• Repeat these steps with the blue candy melts and 50g of the white candy melts, and then the green candy melts with the remaining 50g of white candy melts.
  • For the buttercream, place the egg whites and sugar into the bowl of a stand mixer and whisk them together by hand to combine. Place the bowl over a bain-marie and whilst whisking intermittently heat the mixture on a medium-high heat. Keep whisking until the mixture reaches 160F/70C on a candy thermometer or is hot to the touch. Then, carefully place the bowl into the stand mixer.
  • With the whisk attachment, whisk the egg white mixture on a high speed until it reaches medium-stiff peaks. This should take around 10 minutes and the bowl should return to room temperature. Once the mixture is cool and stiff, replace the whisk attachment with the paddle.
  • With the mixer on low speed, gradually add the butter in a few tablespoons at a time, then add the vanilla. Once all incorporated, turn the mixer up to a high speed and beat until the buttercream is smooth and silky. Place 1/4 of the buttercream into a piping bag and snip off the end to have a plain round nozzle, then set aside.
  • To assemble, place one of the sponges onto your serving plate and using the buttercream in the piping bag, pipe a 'dam' around the edge of the sponge. Then fill the gap with half the jam. Repeat this process for the next layer, and then add the final sponge on top.
  • Using another 1/4 of the buttercream, crumb coat the entire cake and place into the fridge to set for 20 minutes. Then cover the cake with a thick layer of the remaining buttercream and using a bench scraper, scrape off the excess to leave a smooth exterior.
  • Finally, place your brushstrokes on and into the cake to create your desired effect.
  • Notes

    Sponge and Buttercream recipe adapted from Tessa Huff's Layered.

    http://bakingwithaimee.com/2017/09/29/brushstroke-layer-cake/

    Caramel Macchiato Cake

    Caramel Macchiato Cake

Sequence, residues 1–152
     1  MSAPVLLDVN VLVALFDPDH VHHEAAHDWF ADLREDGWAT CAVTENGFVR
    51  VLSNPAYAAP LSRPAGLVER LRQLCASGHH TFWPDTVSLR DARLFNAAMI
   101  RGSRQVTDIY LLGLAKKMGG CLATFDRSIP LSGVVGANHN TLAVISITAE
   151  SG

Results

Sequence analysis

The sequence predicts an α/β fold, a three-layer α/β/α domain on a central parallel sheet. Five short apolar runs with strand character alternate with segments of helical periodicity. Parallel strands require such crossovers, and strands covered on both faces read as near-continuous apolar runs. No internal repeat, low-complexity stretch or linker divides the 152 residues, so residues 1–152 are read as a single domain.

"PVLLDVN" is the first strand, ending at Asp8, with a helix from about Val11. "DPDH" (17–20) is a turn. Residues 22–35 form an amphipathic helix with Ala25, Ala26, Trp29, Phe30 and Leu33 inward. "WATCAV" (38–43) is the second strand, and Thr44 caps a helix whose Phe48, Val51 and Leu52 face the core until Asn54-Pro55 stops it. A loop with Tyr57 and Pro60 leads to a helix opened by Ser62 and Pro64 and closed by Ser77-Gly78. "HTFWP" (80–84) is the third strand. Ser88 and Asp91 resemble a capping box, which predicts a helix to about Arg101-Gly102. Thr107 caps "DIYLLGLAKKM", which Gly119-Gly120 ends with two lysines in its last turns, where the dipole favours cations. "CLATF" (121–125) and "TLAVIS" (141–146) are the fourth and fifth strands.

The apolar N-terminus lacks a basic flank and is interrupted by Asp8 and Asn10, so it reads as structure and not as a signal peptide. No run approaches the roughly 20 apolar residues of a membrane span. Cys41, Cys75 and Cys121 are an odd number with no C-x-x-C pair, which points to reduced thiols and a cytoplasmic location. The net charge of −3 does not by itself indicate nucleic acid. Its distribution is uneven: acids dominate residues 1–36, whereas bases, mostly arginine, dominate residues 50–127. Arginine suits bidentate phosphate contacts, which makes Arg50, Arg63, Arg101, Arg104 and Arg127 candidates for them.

Tea and toast. Cheese and crackers. Coffee and cake. Some pairings are just meant to be. But caramel makes everything better right?

    If I’m not keeping it simple with an americano, my Starbucks order is always a caramel macchiato. The strong coffee mixed with vanilla and caramel just works so well. And why not turn the things you love into cake?!

    caramel macchiato layer cakecaramel macchiato layer cake

    I think coffee cake is really underrated. Usually paired with walnuts and a sickly sweet buttercream, it just doesn’t do it justice. This cake though is paired with the dreamiest silkiest buttercream you ever did taste. Its a classic swiss meringue buttercream with 175ml of glorious caramel. AHH. I could just eat the buttercream from the bowl. It was my first time using my KMix to make buttercream and oh god the difference. It just made it so light, and even easier to spread on the finished cake.

    caramel macchiato layer cakecaramel macchiato layer cake

    But, back to the cake! The sponge has instant coffee, a full cup of freshly brewed coffee AND a coffee soak to add when baked. So you could say I like coffee… though the caramel SMB cuts through it all to balance the bitterness out. Now I couldn’t call it a caramel macchiato cake without the signature caramel topping could I? I popped some caramel into a piping bag and went to TOWN. I promise you though, the cake really isn’t as sweet as it sounds with all that caramel flying around. I think thats why I love swiss meringue buttercream so much. It may be richer than regular buttercream with the additional butter, but its so much less sweet! No teeth-grinding icing sugar round here thank you very much.

    caramel macchiato layer cakecaramel macchiato layer cake

    The whole cake was actually surprisingly quick to make, I made it in an afternoon last weekend and I was enjoying a slice after dinner. I also didn’t make my own caramel for once, as it was a spontaneous bake and that sped the process up! I used a jar of Bonne Maman’s caramel and its really delicious if you fancy being lazy too. If not, my recipe for salted caramel here would work really well, just remember to omit the salt. Although salted caramel buttercream with coffee would be delicious too!

    caramel macchiato cakecaramel macchiato cake